Karen Freser is no Ponce de León, but the retired school nurse from Chicago seems to be the one who discovered the Fountain of Youth. On a hot August day, she’s wearing a charismatic smile and a black swimsuit, ready for a dive into one of three swimming pool complexes in Bella Vista, Ark. She’s here at least every other day—when she’s not on one of the town’s seven 18-hole golf courses or three walking trails. Then again, she could also be on the eight tennis courts, or fishing and boating on the eight stocked lakes, or exercising in the two recreation centers.
Freser, 81, thinks living in this idyllic village set among the trees and bluffs of the Ozark Mountains has “added 10 years to our lives.” In Bella Vista, it’s not uncommon to see a 75-year-old working out with a tennis pro or to hear that your 90-year-old neighbor just bought a new set of golf clubs. Enter the Branchwood recreation center, and you see a bulletin board overloaded with fliers for activities and clubs. Enroll in dance classes. Join the Ozark Hill Hikers, the Bella Vista Men’s Chorus, or the Cycle Riders. Competitive senior softball teams tour the region, and swimmers race in the Senior Olympics. For a slower pace, you can join bowling leagues, book clubs, bridge clubs, and bingo nights.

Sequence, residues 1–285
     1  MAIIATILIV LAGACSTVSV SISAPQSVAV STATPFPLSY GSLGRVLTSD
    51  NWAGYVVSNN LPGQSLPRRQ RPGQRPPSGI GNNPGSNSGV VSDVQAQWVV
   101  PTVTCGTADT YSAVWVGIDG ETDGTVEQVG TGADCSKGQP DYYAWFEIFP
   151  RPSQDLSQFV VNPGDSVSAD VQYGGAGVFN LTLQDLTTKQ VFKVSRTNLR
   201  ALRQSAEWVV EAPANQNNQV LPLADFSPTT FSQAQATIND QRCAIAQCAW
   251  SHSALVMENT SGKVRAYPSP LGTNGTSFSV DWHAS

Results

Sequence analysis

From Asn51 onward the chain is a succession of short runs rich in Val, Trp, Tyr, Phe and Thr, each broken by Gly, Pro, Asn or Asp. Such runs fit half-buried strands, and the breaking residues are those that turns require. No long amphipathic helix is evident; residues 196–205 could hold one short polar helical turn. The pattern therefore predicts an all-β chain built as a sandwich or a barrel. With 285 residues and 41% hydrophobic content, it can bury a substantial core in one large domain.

Enjoying Arkansas’s mild winters, recreational offerings, and reasonable cost of living. A low property owners’ fee helps pay for all the golf courses and other facilities and gives the residents low-cost and nearly exclusive access (guests are welcome but pay quite a bit more) to what Bella Vista has to offer.
“Too good.” Retired accountant and Kansas native Tom Pyle, 61, considered ritzier places in Arizona, New Mexico, and Texas when retiring a decade ago. Arkansas was last on the list. He and his wife, Biddy, came through on a Saturday, and they bought a place on Sunday. “The economics are too good,” Pyle says as he heads to the practice green of the Bella Vista Country Club. The lifestyle isn’t bad, either. “People play golf in Bella Vista until they can barely walk,” he cracks.
Count Duarde and John Becky of Decatur, Ill., among them. With a red golf cart out front and a scenic view of the 15th fairway of the Highlands Golf Course out back, their house on a bluff “was our dream, and we finally accomplished it,” Dick Beck, 69, says. The two say they will golf till they drop. That’s a common sentiment in this retirement town where